Last night The Chaser dared to air another skit videod on location outside The Vatican. This, like the messasge blimp, featured controversial material.

However, you won't hear representatives of The Catholic Church trying to tear in The Chaser this time. Because to do so means critics and the professionally outraged will have to acknowledge what the piece was about.

The Catholic Church has added 'Excessive Wealth' to its expanded list of The Seven Deadly Sins. So The Chaser asked passing Vatican priests to pray for those suffering from Excessive Wealth, like The Catholic Church, which we learned through the prayers pulls an astounding $15 billion in revenue from Australia each year and $4 trillion from around the world.

You can catch the latest Chaser episode here, including the highlight Ray Martin's Small Talk, where Tim Flannery and Phillip Ruddock convene to discuss, well, not very much at all. I wanted to see more of this small talk, I think I could take about fifteen minutes of it, just before bed.

Who knew Ray Martin could parody himself so effortlessly?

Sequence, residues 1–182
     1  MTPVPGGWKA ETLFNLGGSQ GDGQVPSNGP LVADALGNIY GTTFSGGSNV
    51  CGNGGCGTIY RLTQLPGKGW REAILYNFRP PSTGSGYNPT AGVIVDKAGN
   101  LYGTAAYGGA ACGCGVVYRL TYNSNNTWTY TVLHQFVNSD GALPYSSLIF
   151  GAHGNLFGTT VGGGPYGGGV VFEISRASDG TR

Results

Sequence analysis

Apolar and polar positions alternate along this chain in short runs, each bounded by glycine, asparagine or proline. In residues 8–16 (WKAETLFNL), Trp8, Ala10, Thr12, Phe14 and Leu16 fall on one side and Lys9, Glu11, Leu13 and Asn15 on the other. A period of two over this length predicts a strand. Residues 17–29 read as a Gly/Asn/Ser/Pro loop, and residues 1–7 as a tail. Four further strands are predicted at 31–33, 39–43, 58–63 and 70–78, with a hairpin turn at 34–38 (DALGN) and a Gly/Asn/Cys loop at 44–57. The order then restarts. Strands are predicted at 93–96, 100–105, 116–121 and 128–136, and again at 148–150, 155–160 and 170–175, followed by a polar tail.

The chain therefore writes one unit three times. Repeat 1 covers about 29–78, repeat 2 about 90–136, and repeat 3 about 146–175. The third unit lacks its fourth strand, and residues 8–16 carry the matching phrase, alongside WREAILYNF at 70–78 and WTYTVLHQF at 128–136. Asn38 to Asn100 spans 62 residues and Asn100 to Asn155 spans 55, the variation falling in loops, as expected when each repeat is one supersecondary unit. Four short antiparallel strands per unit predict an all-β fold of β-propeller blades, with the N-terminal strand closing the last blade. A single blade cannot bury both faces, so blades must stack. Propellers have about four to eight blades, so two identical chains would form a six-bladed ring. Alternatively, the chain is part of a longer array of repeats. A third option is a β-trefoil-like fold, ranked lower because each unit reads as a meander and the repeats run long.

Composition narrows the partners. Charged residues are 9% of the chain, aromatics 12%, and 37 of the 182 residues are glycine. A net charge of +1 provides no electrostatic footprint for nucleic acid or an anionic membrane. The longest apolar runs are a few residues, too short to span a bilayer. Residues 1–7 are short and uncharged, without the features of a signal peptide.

The Chaser's bit about the 'Rudd Safe House', where shattered, trembling ex-staffers of the prime minister can recover and heal safely was good, but they still have a long way to go in getting at Kevin Rudd in the sometimes near hallucinatory ways they got at John Howard in 2006 and 2007 :
....the Chasers, a constant thorn in the then prime minister's side as the election approached. Some of their ambushes of his early morning power walks rose to the level of performance art - one involved a silver Delorean sports car, a mad professor and the promise to take Mr Howard "back to the future" so that he could retire gracefully rather than be forced out by the voters.

The BBC has picked The Chaser to air before the well-matched and already popular Flight Of The Conchords. Getting picked up by the BBC is still a kind of comedy nirvana :
The BBC signed a deal to screen a special six-episode compilation of highlights from The Chaser's War On Everything 2006 and 2007 seasons.
The show is already screening in America, Japan, New Zealand, Finland, Norway, Denmark, Belgium, Poland, Israel and even Mongolia...